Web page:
p.2 A Depressed Trade - Our marine business is in a deplorable condition. Its dullness is oppressive and ruinous. Many in it would like to get out, but they cannot do so without making sacrifices suggestive of desperation. The grain trade of recent years has not been very profitable, the railroads having taken away a great deal of the freight of which the carriers by water had formerly a monopoly. The bulk of the trade remaining is being captured by the Americans, not because they have a better route to the seaboard, but because their charges are less, and this is a most important consideration at the present time. Canada must suffer until it can compete with the United States in point of cheapness, and this cannot take place so long as the present obnoxious canal tolls remain. When the Erie canal taxes were removed it became very apparent that those using it would have a great advantage over those using the Welland and St. Lawrence canals, and it also became apparent that sooner or later these latter important links in our system of navigation would have to be made free. The time for action has come. Trade cannot be had so long as the high taxation of vessel men continues. The Premier was asked to receive a deputation during the session, and hear the representations of a delegation on the subject; he could not then give the matter close personal attention, but he is now ready to discuss it. He will be waited upon some of these days by men whose advocacy of the subject will probably be successful. Something must be done, not only by the Government but by the owners of vessels and tugs and barges and elevators. There must be a reduction of rates all around, and the sooner the better.
To show what the feeling on the subject is elsewhere we copy the following from the Chicago Tribune: "Carriers are not anxious to accept cargoes for Lake Ontario ports at the present condition of rates. They claim that the excessive charges imposed upon them by the Canadian Government shuts off the slightest possibility of profit to the vessel. A 20,000 bushel vessel is assessed about $150 for the privilege of locking through the Welland Canal, and her tow bills will amount to $100 more. Added to this are tow bills at each end of the route, wages, insurance, provisions and Custom House fees. It does require an expert mathematician to deduct the vessel's expenses from the freight money and compute the length of time she can run before the marshal overtakes her. The inference to be drawn is that the Dominion Government must either abolish the tolls on her canals or suffer the loss of her grain trade."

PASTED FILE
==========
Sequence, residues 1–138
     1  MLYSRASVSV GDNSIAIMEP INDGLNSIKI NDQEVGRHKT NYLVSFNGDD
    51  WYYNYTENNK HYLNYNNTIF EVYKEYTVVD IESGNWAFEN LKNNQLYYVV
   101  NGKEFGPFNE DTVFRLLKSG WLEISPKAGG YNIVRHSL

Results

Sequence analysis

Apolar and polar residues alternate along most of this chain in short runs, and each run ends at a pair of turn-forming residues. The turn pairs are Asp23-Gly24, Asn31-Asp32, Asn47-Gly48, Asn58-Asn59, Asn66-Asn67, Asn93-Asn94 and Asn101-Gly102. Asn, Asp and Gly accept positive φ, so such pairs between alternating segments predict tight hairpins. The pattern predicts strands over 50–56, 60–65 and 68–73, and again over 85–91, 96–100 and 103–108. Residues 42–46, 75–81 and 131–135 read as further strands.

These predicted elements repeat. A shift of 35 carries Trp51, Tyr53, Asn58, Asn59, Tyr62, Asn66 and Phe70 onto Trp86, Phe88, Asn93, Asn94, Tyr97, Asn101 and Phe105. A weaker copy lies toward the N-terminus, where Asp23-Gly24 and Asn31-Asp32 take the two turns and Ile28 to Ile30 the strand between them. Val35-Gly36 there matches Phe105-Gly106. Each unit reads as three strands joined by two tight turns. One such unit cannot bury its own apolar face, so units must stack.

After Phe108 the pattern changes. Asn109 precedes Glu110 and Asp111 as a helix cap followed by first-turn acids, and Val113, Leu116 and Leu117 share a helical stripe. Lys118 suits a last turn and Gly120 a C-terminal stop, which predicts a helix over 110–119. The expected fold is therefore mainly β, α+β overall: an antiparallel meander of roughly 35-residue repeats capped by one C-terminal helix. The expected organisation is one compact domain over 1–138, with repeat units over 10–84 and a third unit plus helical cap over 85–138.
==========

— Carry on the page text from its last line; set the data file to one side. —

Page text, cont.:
The steamer Varuna broke her shaft while leaving Picton yesterday.
The sloop Two Brothers is at Rathbun's with 68,000 feet of pine lumber.
The sloop Murray has arrived at Rathbun's from Trenton with bunch wood.
The schr. Oades, Capt. Hurley, cleared last night with 245,160 feet of pine lumber.
The steamer Hastings took the Hero's place yesterday after the break of the latter's crank.
The boiler for the steamer St. Lawrence was taken from Oswego to Clayton on Thursday by special train.
The schrs. Bangalore and Hyderabad have been chartered to carry grain from Chicago to Midland at 11 1/2 cents per bushel.
The steamer Empress of India ran from Picton to Deseronto on her trial trip yesterday. She will begin running between Port Dalhousie and Toronto on the 22nd.
Ferguson Bros., Napanee, have purchased a steam yacht and are fitting it up. On Friday last James Ferguson came up from Kingston in her and reports a splendid run.
The pilot in charge of the Magdala says that the vessel went on the shoal at the Narrows owing to a head wind, but so lightly as to swing herself off. The tug Chieftain was not employed.
M.T. Co. - Arrivals - schrs. Parthenon, Grafton, 2,200 bush. peas; Fabiola, Port Hope, 9,425 bush. peas; tug Thompson, with barges Senecal, Iowa, Eagle, Montreal, and Kingston, light. The tug left this afternoon for Charlotte with barges Eagle, Iowa and Senecal to load 1,600 tons coal.